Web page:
SYDNEY (Bloomberg/AFP) - A team searching for the missing Malaysia Airlines flight MH370 found an uncharted shipwreck on the Indian Ocean seafloor.
Wreckage from the ship, including an anchor and lumps of coal, showed up about 3.9km below the surface, the Joint Agency Coordination Centre, an Australian government agency, said in an e-mailed statement on Wednesday. The debris was in the southern part of a 120,000 sq km search area, about a third of the way from Australia to Madagascar, that's being scanned by sonar.
The Australian Transport Safety Bureau said it had spotted "multiple small bright reflections" on the otherwise featureless seabed which warranted close inspection.
Man-made objects are rare in the region, which lies away from major shipping lanes close to the turbulent waters of the Roaring Forties. Previous sonar passes have uncovered abandoned shipping containers and volcanic rocks which initially resembled a debris field.
"The majority of the contacts were comparatively small - around the size of a cricket ball - interspersed with a few larger items," the agency said of the shipwreck in its statement on Wednesday. The biggest of the objects was "box shaped and approximately 6m in its longest dimension", it added.
The shipwreck was not previously charted and imagery will be given to marine archaeologists in an attempt to identify it, the agency said.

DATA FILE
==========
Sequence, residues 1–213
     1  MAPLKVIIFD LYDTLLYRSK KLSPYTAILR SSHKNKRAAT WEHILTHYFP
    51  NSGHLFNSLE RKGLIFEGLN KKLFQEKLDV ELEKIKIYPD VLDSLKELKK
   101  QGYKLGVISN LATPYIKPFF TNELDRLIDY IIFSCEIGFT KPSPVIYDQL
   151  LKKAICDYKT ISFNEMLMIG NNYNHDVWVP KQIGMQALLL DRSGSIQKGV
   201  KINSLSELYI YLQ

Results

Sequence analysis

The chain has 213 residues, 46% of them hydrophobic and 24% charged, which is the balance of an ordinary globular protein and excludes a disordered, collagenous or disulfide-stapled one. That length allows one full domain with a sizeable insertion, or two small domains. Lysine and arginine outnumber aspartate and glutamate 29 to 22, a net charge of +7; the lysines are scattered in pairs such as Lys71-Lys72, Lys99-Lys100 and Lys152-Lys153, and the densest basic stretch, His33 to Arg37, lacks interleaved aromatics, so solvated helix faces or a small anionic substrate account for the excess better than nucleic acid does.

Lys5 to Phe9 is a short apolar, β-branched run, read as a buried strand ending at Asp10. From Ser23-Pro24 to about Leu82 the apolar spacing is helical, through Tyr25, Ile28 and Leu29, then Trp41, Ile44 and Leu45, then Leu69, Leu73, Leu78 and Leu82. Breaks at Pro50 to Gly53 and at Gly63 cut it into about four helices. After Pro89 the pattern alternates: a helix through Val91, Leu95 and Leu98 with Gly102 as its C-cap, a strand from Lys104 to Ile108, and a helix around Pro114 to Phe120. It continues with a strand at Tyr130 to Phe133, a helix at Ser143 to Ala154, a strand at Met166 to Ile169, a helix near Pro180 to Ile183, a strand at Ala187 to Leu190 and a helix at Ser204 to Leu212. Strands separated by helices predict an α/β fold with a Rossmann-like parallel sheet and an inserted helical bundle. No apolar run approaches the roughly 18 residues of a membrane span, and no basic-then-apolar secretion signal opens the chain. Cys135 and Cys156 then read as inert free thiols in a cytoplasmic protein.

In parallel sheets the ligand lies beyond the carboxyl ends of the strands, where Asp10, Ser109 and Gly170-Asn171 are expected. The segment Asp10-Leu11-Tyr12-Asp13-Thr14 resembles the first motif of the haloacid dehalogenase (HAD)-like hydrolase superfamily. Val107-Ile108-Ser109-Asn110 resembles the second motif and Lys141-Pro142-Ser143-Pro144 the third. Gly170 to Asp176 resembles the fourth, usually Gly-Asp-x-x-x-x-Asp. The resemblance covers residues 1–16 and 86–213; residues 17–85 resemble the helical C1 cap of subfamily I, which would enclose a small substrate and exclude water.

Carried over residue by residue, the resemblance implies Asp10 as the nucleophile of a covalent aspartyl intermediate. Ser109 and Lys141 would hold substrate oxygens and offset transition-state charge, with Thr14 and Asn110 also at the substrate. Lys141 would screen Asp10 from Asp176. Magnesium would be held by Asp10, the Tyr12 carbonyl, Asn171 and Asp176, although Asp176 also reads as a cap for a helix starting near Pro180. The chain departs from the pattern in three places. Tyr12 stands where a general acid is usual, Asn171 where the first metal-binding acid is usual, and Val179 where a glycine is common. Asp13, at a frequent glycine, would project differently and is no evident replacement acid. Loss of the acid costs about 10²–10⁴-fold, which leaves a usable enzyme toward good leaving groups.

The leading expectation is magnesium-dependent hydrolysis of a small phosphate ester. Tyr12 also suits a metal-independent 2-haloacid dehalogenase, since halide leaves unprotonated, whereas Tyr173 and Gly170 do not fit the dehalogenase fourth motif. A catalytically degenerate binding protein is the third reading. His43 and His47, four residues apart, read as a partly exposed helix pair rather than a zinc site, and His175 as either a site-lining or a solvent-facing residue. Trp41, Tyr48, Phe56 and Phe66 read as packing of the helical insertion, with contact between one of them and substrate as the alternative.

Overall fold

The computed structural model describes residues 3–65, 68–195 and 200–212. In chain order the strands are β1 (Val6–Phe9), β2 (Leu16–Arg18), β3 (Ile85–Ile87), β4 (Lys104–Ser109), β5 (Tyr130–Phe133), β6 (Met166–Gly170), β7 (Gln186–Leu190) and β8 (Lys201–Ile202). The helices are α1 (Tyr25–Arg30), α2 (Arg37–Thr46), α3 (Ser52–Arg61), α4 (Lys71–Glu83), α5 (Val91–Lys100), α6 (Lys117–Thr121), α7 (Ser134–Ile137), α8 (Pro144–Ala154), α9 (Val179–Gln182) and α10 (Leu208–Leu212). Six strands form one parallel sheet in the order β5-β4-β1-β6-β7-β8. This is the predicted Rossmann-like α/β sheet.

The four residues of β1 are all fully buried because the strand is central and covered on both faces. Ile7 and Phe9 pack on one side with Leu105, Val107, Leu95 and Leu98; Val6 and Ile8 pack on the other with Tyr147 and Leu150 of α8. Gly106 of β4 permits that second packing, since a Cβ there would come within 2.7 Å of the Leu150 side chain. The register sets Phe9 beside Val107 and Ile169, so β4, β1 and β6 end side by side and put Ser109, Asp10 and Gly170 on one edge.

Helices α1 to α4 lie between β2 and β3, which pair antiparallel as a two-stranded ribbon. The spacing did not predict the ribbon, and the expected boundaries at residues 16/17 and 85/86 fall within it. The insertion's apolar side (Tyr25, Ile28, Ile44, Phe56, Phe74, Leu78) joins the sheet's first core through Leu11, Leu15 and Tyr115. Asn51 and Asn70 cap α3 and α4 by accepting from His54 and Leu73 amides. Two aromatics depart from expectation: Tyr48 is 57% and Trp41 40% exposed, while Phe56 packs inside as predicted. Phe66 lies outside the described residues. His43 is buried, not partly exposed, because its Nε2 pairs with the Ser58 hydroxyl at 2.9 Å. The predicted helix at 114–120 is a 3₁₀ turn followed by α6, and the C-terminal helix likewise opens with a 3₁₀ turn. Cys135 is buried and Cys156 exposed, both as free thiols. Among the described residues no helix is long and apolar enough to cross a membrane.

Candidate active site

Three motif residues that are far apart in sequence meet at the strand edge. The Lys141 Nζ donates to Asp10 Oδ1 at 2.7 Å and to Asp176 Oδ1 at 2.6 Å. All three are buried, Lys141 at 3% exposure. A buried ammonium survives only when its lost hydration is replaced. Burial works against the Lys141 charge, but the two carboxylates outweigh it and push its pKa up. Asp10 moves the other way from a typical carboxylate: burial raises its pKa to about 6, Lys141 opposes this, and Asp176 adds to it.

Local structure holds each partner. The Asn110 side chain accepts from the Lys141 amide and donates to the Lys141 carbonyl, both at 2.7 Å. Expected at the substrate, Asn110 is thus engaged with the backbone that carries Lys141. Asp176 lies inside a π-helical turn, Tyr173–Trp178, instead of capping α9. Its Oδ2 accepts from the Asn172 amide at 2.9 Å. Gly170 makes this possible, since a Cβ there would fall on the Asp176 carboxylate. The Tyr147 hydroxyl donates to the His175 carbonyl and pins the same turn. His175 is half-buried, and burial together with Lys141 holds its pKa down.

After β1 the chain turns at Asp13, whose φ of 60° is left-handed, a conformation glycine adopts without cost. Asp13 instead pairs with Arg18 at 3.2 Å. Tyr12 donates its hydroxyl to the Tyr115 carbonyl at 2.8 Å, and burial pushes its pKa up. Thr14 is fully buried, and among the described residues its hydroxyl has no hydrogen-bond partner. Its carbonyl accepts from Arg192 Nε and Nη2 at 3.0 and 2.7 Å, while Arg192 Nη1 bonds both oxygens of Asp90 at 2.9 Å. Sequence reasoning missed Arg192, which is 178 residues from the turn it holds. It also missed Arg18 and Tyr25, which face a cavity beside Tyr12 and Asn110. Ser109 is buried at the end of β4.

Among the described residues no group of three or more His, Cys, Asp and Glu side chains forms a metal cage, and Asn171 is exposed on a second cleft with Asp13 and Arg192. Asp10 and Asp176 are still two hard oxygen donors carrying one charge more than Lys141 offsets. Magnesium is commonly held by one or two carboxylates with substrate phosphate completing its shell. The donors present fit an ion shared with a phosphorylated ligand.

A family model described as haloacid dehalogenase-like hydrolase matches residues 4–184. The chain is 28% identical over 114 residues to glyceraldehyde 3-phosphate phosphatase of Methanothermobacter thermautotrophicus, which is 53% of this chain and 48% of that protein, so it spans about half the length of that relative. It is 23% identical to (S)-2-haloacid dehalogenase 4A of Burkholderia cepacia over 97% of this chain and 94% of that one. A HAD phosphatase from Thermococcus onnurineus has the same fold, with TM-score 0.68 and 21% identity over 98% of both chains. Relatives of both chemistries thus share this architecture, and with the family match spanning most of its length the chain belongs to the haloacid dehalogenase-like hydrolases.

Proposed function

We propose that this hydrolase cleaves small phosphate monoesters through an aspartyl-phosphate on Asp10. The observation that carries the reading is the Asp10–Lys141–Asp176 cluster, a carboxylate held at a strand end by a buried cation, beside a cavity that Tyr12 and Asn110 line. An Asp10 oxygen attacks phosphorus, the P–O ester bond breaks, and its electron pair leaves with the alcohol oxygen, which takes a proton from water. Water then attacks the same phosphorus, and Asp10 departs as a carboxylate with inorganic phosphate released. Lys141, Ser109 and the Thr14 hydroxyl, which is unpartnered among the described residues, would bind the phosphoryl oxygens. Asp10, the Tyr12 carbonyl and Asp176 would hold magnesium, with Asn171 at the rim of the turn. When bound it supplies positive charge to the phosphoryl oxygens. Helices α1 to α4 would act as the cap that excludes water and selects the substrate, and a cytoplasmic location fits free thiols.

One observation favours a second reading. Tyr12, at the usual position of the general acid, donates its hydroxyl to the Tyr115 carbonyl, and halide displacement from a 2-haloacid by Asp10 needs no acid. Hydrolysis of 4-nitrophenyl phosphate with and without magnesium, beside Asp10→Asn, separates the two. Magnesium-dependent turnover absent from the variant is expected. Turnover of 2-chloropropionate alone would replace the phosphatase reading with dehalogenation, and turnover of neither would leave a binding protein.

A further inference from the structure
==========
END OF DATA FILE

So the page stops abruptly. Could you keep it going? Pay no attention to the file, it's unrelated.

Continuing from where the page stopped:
Data from a high-resolution sonar scan using an autonomous underwater vehicle revealed possible items. While the debris field appeared to be of man-made origin, it failed to have all the characteristics of a typical aircraft debris field so the authorities sent down an underwater camera which discovered the shipwreck.
"It's a fascinating find," said Mr Peter Foley, director of the operational search for MH370. "But it's not what were looking for."
Images clearly showed an anchor, along with other objects that the searchers said were man-made.
Mr Foley said officials were not pausing in the search for MH370, whose disappearance is one of aviation's great mysteries.
"Obviously, we're disappointed that it wasn't the aircraft, but we were always realistic about the likelihood," he added in a statement.
"And this event has really demonstrated that the systems, people and the equipment involved in the search are working well. It's shown that if there's a debris field in the search area, we'll find it."
The search for the aircraft has been a complex undertaking, with Australia concentrating on a remote area of the southern Indian Ocean far off its west coast spanning 60,000 sq km.
Malaysian Airlines flight MH370 vanished March 8 last year en route from Kuala Lumpur to Beijing. No trace of the flight and the 239 people on board has been found since.
Australia, Malaysia and China April 16 agreed to almost double the size of the search area if the plane isn't found when the current search stage finishes later this month.
The Australian-led team is scouring the southern Indian Ocean seabed in hope of finding the final resting place of MH370.